Dr. Mike Marshall's Pitching Coach Services

November 23, 1974 Sporting News

1974 Feats Just About What Marshall Expected
The Sporting News
November 23, 1974
by Gordon Verrell

LOS ANGELES, CA:  The people who know baseball continue to be astounded by Mike Marshall's incredible 1974 season, in which he set four major league records, among them the most appearances by a pitcher--an amazing 106--and most innings by a relief pitcher--an even more amazing 208 1/3.

But the Dodgers' Iron Mike, who recently added the National League Cy Young Award to his crowded trophy case, is taking it all in stride.

Talking via telephone from his East Lansing, Mich., home, Marshall merely reminded the caller of an interview nearly a year ago.

"I said then that 100 games and 200 innings seemed about right. I think that by now, people realize I don't talk a lot of nonsense."

It wasn't nonsense, either, when he was asked to comment on his overwhelming selection as the Cy Young Award winner, the first time the Baseball Writers Association of America has named a relief pitcher for the award.

"I appreciate it, of course," he said.  "But from a personal standpoint, there are some things which mean more to me.

"Last year, Gene Mauch said I was the best relief pitcher he ever had seen.  This year, Walter Alston said I was in a class by myself.

"Now, these are two outstanding baseball men, people who know the game inside and out.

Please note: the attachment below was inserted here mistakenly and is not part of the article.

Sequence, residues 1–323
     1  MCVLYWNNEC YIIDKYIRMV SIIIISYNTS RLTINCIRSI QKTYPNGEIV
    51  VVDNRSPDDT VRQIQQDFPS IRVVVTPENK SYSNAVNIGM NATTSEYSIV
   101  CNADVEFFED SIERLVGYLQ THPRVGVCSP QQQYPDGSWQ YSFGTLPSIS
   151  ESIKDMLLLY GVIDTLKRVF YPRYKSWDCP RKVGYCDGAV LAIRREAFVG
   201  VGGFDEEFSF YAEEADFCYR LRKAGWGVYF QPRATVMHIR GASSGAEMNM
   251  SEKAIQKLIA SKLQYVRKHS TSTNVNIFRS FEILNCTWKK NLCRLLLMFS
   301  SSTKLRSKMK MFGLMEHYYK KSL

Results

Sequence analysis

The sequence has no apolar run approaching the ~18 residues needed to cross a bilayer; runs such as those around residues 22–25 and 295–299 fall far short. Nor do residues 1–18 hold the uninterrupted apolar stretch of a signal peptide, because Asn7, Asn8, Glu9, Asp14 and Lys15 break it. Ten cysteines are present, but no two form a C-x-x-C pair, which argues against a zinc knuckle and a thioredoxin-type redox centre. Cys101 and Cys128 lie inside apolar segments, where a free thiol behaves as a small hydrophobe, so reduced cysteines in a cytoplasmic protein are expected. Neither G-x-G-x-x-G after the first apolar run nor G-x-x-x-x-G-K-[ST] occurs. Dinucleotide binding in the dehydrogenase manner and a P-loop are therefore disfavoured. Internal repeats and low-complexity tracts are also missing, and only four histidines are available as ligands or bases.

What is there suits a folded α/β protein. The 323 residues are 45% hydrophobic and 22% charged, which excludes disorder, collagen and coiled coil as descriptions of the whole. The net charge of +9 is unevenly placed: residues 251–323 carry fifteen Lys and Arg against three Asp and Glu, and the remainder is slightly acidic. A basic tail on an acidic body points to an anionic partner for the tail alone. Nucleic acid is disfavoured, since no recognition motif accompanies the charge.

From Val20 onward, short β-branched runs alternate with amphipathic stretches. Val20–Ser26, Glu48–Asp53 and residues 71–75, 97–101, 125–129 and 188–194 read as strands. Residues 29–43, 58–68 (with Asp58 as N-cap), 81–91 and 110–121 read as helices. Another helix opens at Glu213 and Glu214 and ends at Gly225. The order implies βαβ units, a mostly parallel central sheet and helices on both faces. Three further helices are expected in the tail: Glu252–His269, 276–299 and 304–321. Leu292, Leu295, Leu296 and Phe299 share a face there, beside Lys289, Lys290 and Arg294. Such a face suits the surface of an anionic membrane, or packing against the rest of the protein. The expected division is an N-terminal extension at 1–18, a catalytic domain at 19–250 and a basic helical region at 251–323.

"Then the players (in the Sporting News poll) selected me the Pitcher of the Year.  These are my peers, people I play against, choosing me as the outstanding pitcher."

The Cy Young trophy culminated an impressive season for the 31-year-old Michigan State professor, a season that included two appearances in the National League playoff and five in the World Series--a heretofore unheard of 113 appearances in all!

But asked if 1974 was his most satisfying season, Marshall, without hesitation, replied, "No, it wasn't.  I'd say 1971 was my most satisfying season. That was the year I realized I was a major league player.  Until then, I didn't know.

"The next year, 1972, was an interesting season.  I had a 1.78 earned-run average at Montreal.  Then, in 1973, I finally got to pitch the way I envisioned pitching.  This year was a continuation of that."

Marshall took a week off from throwing, but now is throwing once a week.  Next month, he'll step it up to three times a week.

"I just love throwing a baseball," he said.  "Just because the season has ended doesn't mean I have to stop throwing."

As for 1975, Marshall said he's putting off until March his decision on whether he'll pitch again.

"By that I'm not saying, or even implying, that I don't intend to pitch again.  What I'm saying is that I'll simply weigh the various ingredients, my family, my academic pursuits, my feelings and baseball at that time.  Then I'll make my decision, not before."

He did the same thing last year.  He agreed to terms with the Dodgers in December, but actually didn't sign a contract until March.

He insists that his withholding of his plans is in no way an attempt to get into Walter O'Malley's vault.

"No, it's not a money wedge," he said.  "I'll get paid what I want or I won't play.  It's as simple as that."

Marshall's 1974 contract was for $87,500. But it's going to take more than $100,000 this time for Marshall to drop his kinesiology books at Michigan State and show up at Vero Beach, FL.

Last year, he didn't report for spring training until mid-March, a date agreed upon in his discussions with Vice-President Al Campanis.

"This time," he said, laughing, "I might not report so early."

Happy Pitching Everybody

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